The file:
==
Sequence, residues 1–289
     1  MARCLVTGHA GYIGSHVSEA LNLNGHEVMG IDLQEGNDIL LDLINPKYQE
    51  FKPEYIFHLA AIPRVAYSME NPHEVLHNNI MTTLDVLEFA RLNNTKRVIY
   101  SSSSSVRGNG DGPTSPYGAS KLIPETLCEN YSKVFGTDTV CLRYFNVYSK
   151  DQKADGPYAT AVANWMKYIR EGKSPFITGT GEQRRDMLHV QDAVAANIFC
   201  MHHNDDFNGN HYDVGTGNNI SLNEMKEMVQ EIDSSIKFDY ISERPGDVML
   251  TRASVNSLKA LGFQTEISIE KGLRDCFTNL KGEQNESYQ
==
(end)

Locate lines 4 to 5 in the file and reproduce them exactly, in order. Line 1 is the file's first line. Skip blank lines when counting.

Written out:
   101  SSSSSVRGNG DGPTSPYGAS KLIPETLCEN YSKVFGTDTV CLRYFNVYSK
   151  DQKADGPYAT AVANWMKYIR EGKSPFITGT GEQRRDMLHV QDAVAANIFC